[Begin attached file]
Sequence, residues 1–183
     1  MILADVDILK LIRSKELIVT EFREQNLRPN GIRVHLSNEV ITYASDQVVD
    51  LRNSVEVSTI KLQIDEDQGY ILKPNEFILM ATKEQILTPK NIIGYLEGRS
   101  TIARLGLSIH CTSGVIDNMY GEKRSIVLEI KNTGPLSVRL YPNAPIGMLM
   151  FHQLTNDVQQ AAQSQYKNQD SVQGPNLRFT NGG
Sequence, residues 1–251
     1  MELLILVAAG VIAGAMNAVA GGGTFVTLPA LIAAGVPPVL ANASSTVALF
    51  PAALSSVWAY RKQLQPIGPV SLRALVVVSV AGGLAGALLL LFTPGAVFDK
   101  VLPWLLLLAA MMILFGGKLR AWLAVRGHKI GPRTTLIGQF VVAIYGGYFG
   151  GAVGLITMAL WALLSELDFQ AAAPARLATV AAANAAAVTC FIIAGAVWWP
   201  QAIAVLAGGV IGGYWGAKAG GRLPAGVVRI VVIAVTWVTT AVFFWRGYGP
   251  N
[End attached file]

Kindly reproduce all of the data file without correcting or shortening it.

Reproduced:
Sequence, residues 1–183
     1  MILADVDILK LIRSKELIVT EFREQNLRPN GIRVHLSNEV ITYASDQVVD
    51  LRNSVEVSTI KLQIDEDQGY ILKPNEFILM ATKEQILTPK NIIGYLEGRS
   101  TIARLGLSIH CTSGVIDNMY GEKRSIVLEI KNTGPLSVRL YPNAPIGMLM
   151  FHQLTNDVQQ AAQSQYKNQD SVQGPNLRFT NGG
Sequence, residues 1–251
     1  MELLILVAAG VIAGAMNAVA GGGTFVTLPA LIAAGVPPVL ANASSTVALF
    51  PAALSSVWAY RKQLQPIGPV SLRALVVVSV AGGLAGALLL LFTPGAVFDK
   101  VLPWLLLLAA MMILFGGKLR AWLAVRGHKI GPRTTLIGQF VVAIYGGYFG
   151  GAVGLITMAL WALLSELDFQ AAAPARLATV AAANAAAVTC FIIAGAVWWP
   201  QAIAVLAGGV IGGYWGAKAG GRLPAGVVRI VVIAVTWVTT AVFFWRGYGP
   251  N